The lens' sweet spot seems to be between f2.8 and f11. Below f2.8 it shows a slight propensity for chromatic aberration and it doesn't attain optimum sharpness until there -- though it's still quite acceptable -- and sharpness declines a bit between f8 and f11. I was very disappointed with f22, however, which I found simply too soft to use. This pattern applies to both center and corner sharpness, as it's pretty consistent edge-to-edge.
|Mount||Micro Four Thirds|
|Aperture range||f1.8 - f22|
|Minimum focus distance||33.1 inches|
|Angle of view||16 degrees|
|Elements||10 elements in 9 groups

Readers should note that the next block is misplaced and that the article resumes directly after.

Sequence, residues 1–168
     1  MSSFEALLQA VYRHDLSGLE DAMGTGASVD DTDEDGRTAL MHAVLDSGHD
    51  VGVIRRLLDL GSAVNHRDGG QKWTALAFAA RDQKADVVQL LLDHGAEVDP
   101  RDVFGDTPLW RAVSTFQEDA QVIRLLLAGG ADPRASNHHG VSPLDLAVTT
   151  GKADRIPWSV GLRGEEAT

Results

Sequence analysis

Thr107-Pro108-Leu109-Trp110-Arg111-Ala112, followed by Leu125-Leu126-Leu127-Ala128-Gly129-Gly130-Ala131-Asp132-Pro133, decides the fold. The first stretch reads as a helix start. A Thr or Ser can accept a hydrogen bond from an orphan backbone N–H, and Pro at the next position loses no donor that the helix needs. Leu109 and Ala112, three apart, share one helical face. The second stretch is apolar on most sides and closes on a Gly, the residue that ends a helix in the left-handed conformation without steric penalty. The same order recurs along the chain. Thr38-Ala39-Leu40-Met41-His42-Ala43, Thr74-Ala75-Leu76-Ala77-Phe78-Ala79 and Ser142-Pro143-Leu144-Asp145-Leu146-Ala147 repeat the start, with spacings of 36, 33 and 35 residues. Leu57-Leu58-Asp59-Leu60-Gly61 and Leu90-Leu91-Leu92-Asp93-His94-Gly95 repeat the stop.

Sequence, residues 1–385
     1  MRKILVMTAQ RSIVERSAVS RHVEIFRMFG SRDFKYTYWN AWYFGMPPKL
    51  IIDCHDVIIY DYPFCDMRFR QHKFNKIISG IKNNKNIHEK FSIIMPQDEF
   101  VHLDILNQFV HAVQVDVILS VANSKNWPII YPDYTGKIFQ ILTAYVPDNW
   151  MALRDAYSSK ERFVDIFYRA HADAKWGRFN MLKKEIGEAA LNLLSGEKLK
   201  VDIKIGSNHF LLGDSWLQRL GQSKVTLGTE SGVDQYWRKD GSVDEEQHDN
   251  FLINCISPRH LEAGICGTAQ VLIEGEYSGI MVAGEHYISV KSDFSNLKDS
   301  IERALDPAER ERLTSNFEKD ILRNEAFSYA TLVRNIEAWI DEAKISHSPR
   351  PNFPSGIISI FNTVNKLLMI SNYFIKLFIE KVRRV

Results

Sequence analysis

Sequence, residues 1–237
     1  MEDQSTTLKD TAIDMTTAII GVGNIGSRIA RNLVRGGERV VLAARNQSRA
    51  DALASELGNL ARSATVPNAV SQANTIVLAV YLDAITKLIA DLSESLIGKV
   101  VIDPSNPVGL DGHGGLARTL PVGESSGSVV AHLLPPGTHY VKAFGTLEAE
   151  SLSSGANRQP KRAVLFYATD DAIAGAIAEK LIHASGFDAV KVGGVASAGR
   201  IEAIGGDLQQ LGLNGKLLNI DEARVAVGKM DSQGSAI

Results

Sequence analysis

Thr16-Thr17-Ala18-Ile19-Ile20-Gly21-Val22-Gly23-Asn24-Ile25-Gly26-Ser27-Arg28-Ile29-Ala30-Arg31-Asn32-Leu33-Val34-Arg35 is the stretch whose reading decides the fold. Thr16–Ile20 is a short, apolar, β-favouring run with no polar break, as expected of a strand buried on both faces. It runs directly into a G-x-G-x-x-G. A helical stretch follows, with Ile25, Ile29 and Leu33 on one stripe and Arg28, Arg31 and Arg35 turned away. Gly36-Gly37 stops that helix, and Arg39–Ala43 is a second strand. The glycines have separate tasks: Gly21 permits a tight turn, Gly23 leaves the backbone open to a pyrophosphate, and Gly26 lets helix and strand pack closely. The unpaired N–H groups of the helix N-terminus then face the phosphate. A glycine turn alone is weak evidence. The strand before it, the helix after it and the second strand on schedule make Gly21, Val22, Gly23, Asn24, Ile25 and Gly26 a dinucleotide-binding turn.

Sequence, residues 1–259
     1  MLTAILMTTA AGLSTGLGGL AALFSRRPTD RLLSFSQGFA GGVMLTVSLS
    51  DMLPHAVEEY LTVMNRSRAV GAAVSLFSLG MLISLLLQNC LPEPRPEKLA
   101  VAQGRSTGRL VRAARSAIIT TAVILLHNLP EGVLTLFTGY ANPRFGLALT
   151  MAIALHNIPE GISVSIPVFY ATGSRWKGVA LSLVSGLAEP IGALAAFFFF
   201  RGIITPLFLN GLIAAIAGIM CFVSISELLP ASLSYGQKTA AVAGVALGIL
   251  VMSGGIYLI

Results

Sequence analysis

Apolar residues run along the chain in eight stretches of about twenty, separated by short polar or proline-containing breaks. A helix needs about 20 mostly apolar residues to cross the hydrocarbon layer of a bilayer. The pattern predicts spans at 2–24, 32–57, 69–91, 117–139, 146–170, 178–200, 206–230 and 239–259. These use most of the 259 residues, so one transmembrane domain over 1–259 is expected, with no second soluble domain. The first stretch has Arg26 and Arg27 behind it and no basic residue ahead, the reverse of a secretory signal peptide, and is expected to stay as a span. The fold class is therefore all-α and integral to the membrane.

3 extra-low dispersion lenses,
2 high refraction lenses
|Lens barrel diameter||2.7 inches|
|Lens length (min/max)||3 inches|
Overall, the lens is quite bright, with no discernible vignetting and minimal distortion, produces beautifully soft out-of-focus areas, and the coating seems to do a great job of minimizing flare. The iris renders lovely round highlights.
I'm not a big telephoto shooter -- my range is more 24mm-90mm (35mm equivalent) -- and I tend to get frustrated by lenses that don't focus closer than a foot, though I realize there are technical reasons why lots of lenses don't focus closely. So while I hate that this lens can't focus closer than almost 3 feet, it actually fares better on that front than a lot of comparable-length lenses.
Until this lens arrived, there were no telephoto primes for Micro Four Thirds cameras, and certainly nothing this fast at a comparable focal length in a zoom. But it's gratifying that despite being the only current option, it's still a good one.